These photos are of their home, their grounds, the church they attended, and the church’s graveyard. Inside the Haworth Parsonage Museum, pictures aren’t technically allowed, but you can get away with sneaking a few when no one’s looking. The home is filled with fantastic treasures and artifacts from the family’s time on earth, which I spent hours geeking out over.

 

 

The Graveyard

 

It was a melancholy experience getting to see this beautiful area fraught with such a tragic history, but I am a lover of the dark and disturbing, so it was right up my alley.

 

 

The Church

 

Unfortunately, like most Victorians, all of the Brontë sisters died young. Emily caught a severe cold at her brother’s funeral in 1848, which soon developed into tuberculosis and killed her at the age of 30. Anne died the following year of tuberculosis, at the age of 29. After six years without any of her siblings, Charlotte became ill and died three weeks before her 39th birthday, along with her unborn child. She had been married less than a year, and her last words were, “I am not going to die, am I? God will not separate us. We have been so happy.”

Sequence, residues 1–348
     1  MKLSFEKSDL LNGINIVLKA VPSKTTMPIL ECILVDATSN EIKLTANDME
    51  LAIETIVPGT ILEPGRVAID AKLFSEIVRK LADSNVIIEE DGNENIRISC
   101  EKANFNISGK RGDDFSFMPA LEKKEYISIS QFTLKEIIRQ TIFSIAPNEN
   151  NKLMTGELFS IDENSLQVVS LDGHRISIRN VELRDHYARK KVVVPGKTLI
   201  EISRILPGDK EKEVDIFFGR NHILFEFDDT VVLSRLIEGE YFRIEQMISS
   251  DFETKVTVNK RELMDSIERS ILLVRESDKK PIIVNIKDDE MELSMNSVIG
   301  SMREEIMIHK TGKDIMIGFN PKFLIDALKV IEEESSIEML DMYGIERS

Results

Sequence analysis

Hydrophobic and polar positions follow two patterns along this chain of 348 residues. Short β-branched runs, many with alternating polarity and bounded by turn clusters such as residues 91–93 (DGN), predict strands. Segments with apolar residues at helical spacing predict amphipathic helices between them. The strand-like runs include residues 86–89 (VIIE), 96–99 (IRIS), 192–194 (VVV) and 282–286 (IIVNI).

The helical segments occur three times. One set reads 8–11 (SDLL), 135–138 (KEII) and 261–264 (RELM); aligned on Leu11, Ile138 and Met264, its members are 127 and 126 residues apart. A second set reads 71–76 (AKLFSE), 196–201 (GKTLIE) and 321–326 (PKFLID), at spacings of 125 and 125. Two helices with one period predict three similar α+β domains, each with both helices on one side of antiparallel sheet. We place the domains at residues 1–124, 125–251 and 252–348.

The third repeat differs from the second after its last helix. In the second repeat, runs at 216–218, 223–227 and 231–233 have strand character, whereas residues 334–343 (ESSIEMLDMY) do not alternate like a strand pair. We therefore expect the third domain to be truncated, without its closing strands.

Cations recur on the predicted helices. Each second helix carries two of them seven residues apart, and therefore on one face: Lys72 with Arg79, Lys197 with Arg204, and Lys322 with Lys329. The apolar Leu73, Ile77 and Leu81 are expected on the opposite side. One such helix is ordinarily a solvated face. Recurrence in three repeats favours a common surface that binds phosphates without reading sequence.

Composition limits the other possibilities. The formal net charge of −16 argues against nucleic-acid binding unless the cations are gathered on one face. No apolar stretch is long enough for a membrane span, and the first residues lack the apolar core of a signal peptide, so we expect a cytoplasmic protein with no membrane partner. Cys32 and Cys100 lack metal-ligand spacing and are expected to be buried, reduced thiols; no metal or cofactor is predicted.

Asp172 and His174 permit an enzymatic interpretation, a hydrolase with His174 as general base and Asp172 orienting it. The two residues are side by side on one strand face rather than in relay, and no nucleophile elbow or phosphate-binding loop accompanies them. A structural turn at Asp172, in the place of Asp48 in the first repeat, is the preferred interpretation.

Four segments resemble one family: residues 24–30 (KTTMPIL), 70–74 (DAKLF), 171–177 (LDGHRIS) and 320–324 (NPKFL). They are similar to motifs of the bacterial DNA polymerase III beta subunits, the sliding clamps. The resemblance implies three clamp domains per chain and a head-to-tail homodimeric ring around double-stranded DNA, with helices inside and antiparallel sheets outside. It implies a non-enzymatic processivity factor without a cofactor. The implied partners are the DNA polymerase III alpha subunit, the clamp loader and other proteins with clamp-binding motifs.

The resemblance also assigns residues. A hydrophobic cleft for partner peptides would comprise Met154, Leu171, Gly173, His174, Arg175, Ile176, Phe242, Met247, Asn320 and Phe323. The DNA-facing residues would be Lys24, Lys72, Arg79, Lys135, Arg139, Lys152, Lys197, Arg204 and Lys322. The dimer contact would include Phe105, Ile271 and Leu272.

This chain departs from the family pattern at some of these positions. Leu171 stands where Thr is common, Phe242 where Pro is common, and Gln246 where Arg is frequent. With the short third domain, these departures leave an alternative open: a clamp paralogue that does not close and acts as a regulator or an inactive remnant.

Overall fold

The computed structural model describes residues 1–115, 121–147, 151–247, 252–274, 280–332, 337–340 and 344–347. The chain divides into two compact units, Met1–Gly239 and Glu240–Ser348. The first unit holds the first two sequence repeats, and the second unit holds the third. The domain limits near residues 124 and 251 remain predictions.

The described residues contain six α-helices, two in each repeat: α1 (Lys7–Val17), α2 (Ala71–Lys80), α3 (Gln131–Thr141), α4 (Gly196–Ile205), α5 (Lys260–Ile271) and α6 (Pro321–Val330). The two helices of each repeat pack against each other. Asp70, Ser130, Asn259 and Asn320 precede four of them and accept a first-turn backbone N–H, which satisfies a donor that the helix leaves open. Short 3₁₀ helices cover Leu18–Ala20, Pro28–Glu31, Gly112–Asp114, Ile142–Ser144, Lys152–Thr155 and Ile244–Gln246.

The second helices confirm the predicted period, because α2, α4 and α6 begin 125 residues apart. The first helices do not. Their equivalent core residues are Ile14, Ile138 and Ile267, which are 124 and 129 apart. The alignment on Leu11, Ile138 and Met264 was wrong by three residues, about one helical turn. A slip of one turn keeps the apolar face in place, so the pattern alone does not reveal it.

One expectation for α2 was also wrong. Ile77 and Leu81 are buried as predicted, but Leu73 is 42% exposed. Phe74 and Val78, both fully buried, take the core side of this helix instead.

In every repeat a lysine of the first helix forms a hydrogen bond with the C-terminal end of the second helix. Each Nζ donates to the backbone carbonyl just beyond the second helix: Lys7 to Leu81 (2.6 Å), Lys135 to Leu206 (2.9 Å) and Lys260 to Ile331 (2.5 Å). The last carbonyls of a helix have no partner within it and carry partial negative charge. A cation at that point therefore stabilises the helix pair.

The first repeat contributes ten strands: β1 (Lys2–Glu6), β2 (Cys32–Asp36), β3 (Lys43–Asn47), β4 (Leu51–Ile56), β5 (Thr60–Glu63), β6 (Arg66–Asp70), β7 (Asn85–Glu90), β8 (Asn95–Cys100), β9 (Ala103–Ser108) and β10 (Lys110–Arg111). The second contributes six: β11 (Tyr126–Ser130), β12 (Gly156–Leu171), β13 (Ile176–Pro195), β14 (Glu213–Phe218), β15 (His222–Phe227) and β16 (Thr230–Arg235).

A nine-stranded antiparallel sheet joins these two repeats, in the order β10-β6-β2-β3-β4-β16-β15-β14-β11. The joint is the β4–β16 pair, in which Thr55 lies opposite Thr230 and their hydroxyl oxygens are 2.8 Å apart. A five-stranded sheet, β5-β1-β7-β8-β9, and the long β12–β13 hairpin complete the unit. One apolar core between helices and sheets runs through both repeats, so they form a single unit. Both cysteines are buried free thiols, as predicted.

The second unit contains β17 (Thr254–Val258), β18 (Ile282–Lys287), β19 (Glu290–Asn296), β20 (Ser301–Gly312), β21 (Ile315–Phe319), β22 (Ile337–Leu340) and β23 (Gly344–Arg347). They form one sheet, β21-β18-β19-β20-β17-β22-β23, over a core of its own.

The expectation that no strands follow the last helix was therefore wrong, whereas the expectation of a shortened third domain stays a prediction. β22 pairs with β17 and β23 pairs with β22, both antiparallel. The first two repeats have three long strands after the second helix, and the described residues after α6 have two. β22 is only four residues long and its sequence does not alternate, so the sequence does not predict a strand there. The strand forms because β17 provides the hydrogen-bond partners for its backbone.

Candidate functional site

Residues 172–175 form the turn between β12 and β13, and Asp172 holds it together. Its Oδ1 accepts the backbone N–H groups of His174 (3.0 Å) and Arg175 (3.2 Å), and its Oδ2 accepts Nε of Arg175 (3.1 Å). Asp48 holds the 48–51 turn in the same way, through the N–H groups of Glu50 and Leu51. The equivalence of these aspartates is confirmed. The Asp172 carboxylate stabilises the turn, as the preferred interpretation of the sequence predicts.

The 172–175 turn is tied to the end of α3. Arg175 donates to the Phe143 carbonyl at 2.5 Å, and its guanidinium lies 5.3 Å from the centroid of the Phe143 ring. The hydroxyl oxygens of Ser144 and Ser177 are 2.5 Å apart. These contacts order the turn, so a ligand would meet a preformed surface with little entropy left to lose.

Heartbreaking, right!? The Brontës were not buried in the church graveyard, but within the church itself. All except Anne, that is, who passed away in Scarborough and was laid to rest there.

 

 

Here you can see the names of all of the men who led the local church over the years, including the girls’ father, Patrick.

 

 

What’s in my suitcase

 

Bolton Abbey

 

 

Bolton Abbey really inspires the romantic in me. The haunting ruins put me in mind of Thornfield Hall from Charlotte’s Jane Eyre, which made it the perfect next stop on my road trip. It’s the kind of place that makes me want to recite some Byron. Or some Brydon.

Yes, as much as I adore the poetry of Lord Byron, I spent most of my time here channeling my inner Rob Brydon while reenacting one of my favorite scenes from The Trip. If you’re planning a trip to Northern England, you absolutely must watch this film first.

 

 

 

If you’re as big of a Downton Abbey fan as I am, you may be thinking, “this looks more like a church than an abbey.” You’re right. The ruins are actually that of a Gothic Priory that began construction in 1154. When Henry VIII dissolved the monasteries in 1539, Bolton was stripped of anything that could be sold, and the Eastern half was essentially abandoned. The Western half, however, was kept intact and religious services are still held inside. As an American, it’s not often that I get to behold such ancient ruins, let alone walk through them. It was like stepping back in time.